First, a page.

Interview tips: Interviews are a two-way street

I recently looked up the definition of “job interview” online and this is what I found: said “an interview to determine if an applicant is suitable for a job”;

Wikipedia defined it as “a process in which an employer evaluates a potential employee for possible employment with his company, organization, or company. During this process, the employer hopes to determine whether the applicant is a good fit for the job.”

Several other sources reaffirmed the notion that interviews are for evaluating candidates, suggesting that control of the process rests solely with the hiring company. However, this is not really the case as it is an opportunity for candidates to assess the suitability of the position on offer. When job applicants enter every interview with the mindset that their only responsibility is to prove themselves to the employer, they set themselves up for failure.

If you’re interviewing this summer for internships or graduate positions, be sure to be candid in your questions so the interview flows more like a natural conversation than an exam. If you come to the end of an interview and are asked “Do you have any questions for me?” then you have left your career too late to figure out the intricacies of the position. Most people would use this as an opportunity to learn more about the qualities a successful candidate should possess and other necessary details of the position. However, if you discover the answers to such questions earlier in the interview, you can tailor your answers to meet the requirements. Why wait until the end?

An interview should be a two-way street and thrive on compromise. In fact, any meeting of people in any context is only successful when all parties are actively communicating. Have you ever been on a date where the other person just nods and listens to what you say with nothing interesting to add to the conversation? Perhaps you’ve taught a creative writing course to elementary school students who never contributed to the discussion. An interview is a similar situation, and asking questions at all times not only shows a keen interest in the position, but also demonstrates your interpersonal skills.

Here is a list of some questions you may want to consider asking at your interview. Try to get past them as well; avoid placing them randomly when inappropriate:

  • What are some of the challenges associated with this position?
  • How would you describe the ideal candidate for this position? What qualities must they possess?
  • How do you assess if I’m doing a good job? Are there any specific evaluation metrics?
  • What is the likely career progression for this position within your company?
  • How would you describe the organizational culture?

I think it’s beneficial to ask the right questions that also elicit a personal response from the hiring manager. It shows that he is interested not only in the job on offer, but also in the people behind the company and its bigger picture. Here is an example:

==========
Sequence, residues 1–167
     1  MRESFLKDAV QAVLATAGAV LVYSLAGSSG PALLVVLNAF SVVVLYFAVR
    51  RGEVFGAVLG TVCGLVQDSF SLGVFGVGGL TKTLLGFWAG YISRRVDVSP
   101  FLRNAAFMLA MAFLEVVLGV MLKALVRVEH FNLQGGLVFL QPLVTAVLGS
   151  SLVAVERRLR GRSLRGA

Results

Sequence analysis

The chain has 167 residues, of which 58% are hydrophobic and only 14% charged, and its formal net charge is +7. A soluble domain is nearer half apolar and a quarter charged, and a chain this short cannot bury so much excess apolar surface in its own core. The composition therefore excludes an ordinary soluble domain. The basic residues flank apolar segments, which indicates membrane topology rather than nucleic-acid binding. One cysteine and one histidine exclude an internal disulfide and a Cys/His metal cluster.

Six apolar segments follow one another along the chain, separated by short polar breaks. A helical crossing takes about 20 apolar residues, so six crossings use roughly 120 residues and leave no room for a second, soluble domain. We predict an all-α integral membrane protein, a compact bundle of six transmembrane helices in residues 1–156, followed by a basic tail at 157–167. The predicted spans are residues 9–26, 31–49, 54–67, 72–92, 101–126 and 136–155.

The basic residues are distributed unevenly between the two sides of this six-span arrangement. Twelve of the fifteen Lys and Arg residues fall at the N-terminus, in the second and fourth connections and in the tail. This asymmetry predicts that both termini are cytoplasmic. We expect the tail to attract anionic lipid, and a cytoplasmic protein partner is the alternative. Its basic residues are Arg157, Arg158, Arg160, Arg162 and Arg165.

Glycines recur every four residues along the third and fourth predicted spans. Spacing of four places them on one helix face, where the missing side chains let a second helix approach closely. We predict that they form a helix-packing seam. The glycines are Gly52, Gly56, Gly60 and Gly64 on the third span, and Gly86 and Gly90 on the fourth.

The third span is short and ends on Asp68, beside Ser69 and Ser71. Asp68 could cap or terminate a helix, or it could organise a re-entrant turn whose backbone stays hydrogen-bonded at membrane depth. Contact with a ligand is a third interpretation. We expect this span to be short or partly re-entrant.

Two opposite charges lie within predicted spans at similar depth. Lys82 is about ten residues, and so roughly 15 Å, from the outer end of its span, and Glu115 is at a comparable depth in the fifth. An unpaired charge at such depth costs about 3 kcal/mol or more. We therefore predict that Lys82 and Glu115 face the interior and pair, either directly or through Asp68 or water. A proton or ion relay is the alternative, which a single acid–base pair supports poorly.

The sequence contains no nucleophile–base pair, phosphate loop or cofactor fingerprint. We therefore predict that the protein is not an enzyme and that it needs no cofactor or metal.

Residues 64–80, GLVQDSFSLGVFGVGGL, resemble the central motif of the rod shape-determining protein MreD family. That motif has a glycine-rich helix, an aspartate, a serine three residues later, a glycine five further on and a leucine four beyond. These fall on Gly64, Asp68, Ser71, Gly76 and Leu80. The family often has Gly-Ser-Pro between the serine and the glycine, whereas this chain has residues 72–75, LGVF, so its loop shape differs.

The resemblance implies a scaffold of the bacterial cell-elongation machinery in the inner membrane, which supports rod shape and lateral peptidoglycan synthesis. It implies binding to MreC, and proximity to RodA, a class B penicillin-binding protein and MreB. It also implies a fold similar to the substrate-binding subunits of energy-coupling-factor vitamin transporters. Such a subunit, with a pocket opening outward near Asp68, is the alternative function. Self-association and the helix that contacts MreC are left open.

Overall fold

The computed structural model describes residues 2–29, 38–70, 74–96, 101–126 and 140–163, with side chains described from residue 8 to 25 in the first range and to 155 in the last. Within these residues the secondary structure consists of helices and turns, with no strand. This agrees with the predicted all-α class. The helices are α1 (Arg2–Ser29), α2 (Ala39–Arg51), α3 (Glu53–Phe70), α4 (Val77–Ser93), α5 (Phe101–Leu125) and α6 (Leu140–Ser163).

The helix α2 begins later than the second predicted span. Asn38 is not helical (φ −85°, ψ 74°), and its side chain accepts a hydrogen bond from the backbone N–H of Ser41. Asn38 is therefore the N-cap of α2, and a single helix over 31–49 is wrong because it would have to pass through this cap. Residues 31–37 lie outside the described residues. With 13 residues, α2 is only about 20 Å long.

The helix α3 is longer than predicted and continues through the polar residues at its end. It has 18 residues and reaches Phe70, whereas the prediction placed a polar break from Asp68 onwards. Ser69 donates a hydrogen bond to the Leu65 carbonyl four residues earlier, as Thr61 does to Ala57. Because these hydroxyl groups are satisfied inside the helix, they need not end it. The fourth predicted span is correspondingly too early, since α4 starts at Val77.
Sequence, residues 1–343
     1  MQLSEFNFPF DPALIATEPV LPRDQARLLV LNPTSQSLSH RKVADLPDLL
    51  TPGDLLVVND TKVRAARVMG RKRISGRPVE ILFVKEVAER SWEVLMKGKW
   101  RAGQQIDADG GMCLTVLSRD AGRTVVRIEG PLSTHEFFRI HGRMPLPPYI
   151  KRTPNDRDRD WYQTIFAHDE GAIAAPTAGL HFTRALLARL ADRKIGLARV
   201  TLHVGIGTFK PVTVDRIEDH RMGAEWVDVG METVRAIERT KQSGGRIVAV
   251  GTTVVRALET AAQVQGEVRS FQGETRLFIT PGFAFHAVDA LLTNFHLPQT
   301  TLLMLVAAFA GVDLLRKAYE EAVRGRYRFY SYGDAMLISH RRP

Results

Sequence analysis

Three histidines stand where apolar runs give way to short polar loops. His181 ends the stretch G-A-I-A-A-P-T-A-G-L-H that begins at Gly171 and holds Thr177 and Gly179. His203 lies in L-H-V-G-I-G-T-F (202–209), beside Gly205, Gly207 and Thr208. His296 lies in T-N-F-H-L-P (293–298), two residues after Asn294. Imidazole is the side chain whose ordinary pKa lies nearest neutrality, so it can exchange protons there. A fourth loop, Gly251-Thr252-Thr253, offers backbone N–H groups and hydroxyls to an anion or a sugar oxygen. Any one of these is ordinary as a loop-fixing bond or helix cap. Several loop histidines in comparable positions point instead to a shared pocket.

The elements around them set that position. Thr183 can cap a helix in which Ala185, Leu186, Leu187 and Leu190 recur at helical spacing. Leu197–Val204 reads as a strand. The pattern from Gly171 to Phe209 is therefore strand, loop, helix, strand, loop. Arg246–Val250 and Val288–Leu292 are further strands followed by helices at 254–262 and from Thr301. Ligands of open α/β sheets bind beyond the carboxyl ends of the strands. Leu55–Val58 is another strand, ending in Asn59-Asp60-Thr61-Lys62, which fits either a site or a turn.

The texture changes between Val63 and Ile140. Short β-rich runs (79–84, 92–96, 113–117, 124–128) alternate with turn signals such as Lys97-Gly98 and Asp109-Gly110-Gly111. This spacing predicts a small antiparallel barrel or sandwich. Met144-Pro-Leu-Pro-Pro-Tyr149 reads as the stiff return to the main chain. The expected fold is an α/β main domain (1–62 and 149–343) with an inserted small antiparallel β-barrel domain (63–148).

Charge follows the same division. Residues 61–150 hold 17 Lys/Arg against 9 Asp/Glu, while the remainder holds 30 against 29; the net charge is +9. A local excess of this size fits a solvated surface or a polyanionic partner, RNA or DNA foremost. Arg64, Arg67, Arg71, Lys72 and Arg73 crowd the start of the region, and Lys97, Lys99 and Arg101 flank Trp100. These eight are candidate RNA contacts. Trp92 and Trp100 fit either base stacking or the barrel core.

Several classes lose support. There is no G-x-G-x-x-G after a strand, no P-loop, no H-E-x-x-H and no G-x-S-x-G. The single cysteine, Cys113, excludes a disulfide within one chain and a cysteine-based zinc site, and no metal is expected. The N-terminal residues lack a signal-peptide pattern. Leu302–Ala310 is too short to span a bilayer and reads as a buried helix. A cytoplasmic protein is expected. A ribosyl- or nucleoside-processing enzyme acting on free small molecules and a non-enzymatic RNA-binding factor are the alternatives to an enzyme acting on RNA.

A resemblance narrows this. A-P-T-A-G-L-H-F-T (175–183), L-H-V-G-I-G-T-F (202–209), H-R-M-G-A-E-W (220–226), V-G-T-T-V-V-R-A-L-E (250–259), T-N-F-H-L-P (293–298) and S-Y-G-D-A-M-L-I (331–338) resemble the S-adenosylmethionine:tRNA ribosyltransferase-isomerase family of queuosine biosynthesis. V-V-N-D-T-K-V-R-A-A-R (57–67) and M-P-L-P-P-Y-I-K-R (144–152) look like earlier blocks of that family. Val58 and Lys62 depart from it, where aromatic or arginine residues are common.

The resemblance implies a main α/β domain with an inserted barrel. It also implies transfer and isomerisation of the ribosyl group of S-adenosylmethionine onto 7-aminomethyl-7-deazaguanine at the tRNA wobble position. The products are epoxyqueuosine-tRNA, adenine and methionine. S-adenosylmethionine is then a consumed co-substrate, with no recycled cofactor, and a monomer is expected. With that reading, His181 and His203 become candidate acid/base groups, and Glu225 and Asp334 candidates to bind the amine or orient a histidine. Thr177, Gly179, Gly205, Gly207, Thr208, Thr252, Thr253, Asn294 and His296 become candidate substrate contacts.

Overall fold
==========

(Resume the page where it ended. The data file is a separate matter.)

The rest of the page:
• What do you enjoy most about working for this company? (At my previous company, everyone on the interview panel was shocked when one of the candidates asked them this. I remember going around the room and answering one by one, and it seemed obvious that we were all on the same page. Later we offered a position to said candidate and was not convinced by the job itself, but by the people with whom he was going to work).
  • If you could change one thing about the company, what would it be? (Some might think this is controversial [perhaps more so in Asia], but I think it’s relevant and shows that you have the balls to ask what most other people are afraid of. After all, there are aspects of any job that you’re not going to like: the Pope would probably hate responding to criticism of the Catholic Church in the media, Michael Phelps would probably wish he was in bed sleeping instead of slipping up too many times, and I, as a founder of a new company, hate doing administrative tasks. However, these things just have to be done!

If the interview has progressed successfully on the basis of healthy dialogue, then it should end with the interviewer asking “So do you have OTHER questions for me?” This is a timely opportunity to pose a few closing questions if they haven’t been answered previously:

  • Based on the selection process so far, do I have the necessary competencies to excel in this position?
  • Are there any qualities that you feel I need to improve to be successful in this position?
  • Is there anything else you would like to know about me to assess my suitability for this position?
  • What is the process that follows? When will candidates be notified of the result?

There are so many other smart questions candidates can ask in interviews that creating a definitive list would be impossible. The point of the questions should be to answer them in a way that illustrates that you are the best person for the job.

If you found these tips, feel free to share them with friends and others in your network who are looking for jobs.

Leave a Reply

Your email address will not be published. Required fields are marked *